Pressor responses during static handgrip exercise in paraplegics
Fumihiro Tajima, H. Ogata, H. Okawa, M. Abe, T. Mizushima, and K.H. Lee.
(University of Occupational and Environmental Health, Kitakyushu, Japan)
We studied heart rate (HR), mean blood pressure (MBP), and skin blood flow (SkBF) of the paralyzed area (leg) in 5 normal and 5 complete traumatic spinal cord transected paraplegic subjects (T5-T12 lesion). After 2 rain of rest in supine position (control), each subject performed the static hand grip exercise at 35% of their maximum voluntary contraction for 2.5 min, and then 4 min of recovery period was observed. HR in normal and paraplegics increased significantly (P<0.05) from 67.02.6 and 65.0±1.6 during control to 81.9±8.6 and 77.1±1.7 beats/rain during exercise respectively, and HR in either group immediately recovered to control values after exercise. MBP in normal (90.0±2.0 mmHg) and paraplegics (89.6±5.0 mmHg) increased significantly (P<0.05) to 117±5 and 116±7 mmHg during exercise respectively. SkBF of leg in normal and paraplegics increased (P<0.05) by 46±7 and 82±37% during exercise respectively. The increase of SkBF in paraplegics were greater (P<0.05) than normal from 45 sec to the end of the exercise. Cutaneous vascular conductance (CVC), calculated in SkBF divided by MBP, did not significantly change in normal subjects, however CVC in paraplegics significantly (P<0.05) increased by 43±24% during exercise. The increased HR suggest that the cardiac response to static exercise in paraplegics is similar to normal, however the increased CVC in paraplegics during static exercise suggests that paraplegics might have different circulatory system in peripheral vessels from normals. It is concluded that the isolation of the peripheral nerve in the leg from spinal cord injury alters SkBF below the lesion in paraplegics much more significantly.
EXPERIMENTAL AND CLINICAL STUDIES OF EICOSANOIDS IN CEREBROSPINAL FLUID AFTER SPINAL CORD INJURY
T. Tonai, T. Nishisho, Y. Tamura, and T. Ikata* (Zentsuji National Hospital, Zentsuji, and Tokushima University*, Tokushima, Japan)
Abstract: In an attempt to elucidate a possible role of eicosanoids in the pathogenesis of spinal cord injury (SCI), we measured the concentration of leukotriene (LT) C4, thromboxane (TX) B2 and 6-keto-prostaglandin (PG) F1α in cerebrospinal fluid (CSF) in both a canine experimental model and 11 SCI patients.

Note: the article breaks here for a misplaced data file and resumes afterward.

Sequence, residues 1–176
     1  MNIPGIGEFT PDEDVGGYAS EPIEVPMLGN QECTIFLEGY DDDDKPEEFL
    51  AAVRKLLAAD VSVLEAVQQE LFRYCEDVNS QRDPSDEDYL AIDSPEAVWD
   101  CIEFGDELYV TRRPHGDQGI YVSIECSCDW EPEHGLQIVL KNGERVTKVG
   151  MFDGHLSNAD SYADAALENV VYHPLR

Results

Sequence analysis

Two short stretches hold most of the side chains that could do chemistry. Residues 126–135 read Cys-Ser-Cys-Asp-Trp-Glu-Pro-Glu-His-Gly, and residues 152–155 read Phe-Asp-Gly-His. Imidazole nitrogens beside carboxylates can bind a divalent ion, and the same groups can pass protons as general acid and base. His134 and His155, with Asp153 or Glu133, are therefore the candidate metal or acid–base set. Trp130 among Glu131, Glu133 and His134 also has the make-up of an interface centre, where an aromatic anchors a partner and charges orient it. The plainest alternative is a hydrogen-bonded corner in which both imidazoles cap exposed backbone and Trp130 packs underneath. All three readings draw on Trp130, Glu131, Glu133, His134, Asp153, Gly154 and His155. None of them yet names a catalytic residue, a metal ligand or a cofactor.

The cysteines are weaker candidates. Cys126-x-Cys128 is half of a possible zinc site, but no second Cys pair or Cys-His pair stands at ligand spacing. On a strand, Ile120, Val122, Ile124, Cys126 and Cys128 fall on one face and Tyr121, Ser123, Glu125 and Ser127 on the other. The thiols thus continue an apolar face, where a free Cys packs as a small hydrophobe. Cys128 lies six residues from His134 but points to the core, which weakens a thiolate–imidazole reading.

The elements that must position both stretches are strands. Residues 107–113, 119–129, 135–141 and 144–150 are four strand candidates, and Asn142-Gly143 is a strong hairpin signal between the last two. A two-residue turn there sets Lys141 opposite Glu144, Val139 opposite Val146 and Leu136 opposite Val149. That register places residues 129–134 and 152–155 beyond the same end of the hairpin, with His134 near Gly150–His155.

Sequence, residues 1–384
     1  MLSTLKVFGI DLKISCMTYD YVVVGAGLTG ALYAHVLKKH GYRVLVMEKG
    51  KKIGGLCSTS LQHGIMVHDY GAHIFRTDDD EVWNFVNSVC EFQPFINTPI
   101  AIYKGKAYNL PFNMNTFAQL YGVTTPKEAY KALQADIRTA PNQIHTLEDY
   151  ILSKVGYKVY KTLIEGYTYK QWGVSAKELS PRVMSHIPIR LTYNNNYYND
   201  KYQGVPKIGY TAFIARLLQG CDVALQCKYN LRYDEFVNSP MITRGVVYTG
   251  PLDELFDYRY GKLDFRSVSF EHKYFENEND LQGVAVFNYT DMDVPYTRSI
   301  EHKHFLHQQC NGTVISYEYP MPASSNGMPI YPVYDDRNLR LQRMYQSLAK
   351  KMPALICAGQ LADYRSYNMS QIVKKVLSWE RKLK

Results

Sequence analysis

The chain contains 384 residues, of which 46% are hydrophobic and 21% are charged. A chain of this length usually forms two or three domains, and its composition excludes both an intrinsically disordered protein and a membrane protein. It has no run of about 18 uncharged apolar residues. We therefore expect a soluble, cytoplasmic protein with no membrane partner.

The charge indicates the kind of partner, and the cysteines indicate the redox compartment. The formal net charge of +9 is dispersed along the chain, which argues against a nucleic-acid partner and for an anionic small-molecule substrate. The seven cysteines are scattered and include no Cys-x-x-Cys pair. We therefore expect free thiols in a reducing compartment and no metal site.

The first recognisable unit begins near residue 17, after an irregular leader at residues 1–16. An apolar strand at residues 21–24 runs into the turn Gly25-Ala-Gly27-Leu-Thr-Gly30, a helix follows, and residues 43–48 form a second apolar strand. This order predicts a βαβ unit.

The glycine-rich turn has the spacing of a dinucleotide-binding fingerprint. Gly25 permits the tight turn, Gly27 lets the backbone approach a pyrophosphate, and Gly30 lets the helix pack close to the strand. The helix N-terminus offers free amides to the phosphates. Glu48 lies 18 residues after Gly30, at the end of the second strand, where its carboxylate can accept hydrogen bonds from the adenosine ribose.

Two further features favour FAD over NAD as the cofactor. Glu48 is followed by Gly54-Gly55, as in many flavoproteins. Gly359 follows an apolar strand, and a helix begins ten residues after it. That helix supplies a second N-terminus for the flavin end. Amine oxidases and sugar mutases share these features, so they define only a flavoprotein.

The eicosanoid concentration in CSF was measured by radioimmunoassay. Neurological severity was assessed according to the grading system of Frankel. Control samples were obtained from 20 patients without spinal cord lesion.
In the canine model, a significant increase in all eicosanoids was found on days 1-7, which subsequently returned to the control level. In the clinical study, the highest mean (± standard error) concentrations of LTC4, TXB2, and 6-keto-PGF1α in the acute stage of SCI were 95.9±10.7 pg/ml, 175.2±38.2 and 167.5±39.9 pg/ml, respectively. These concentrations were 5-9 times higher than control levels. There was a good correlation between CSF LTC4 levels and the neurological severity. The time-dependent change in LTC4 concentrations in 7 SCI patients was similar to that observed in the canine model. In addition, the highest mean concentrations of the eicosanoids measured in patients with complete paralysis was also similar to those of the canine model. The eicosanoids concentrations in 5 SCI patients were repeated to measure more than 6 months after the onset of injury. Although all eicosanoids levels had elevated in the acute stage of injury, they were not elevated and showed the same levels as the controls at the chronic stage.
These findings suggest that enhanced arachidonate metabolism does occur in humans and supports the evidence from animal experiments that emphasizes the importance of eicosanoids in the second processes mediating ischemia and edema.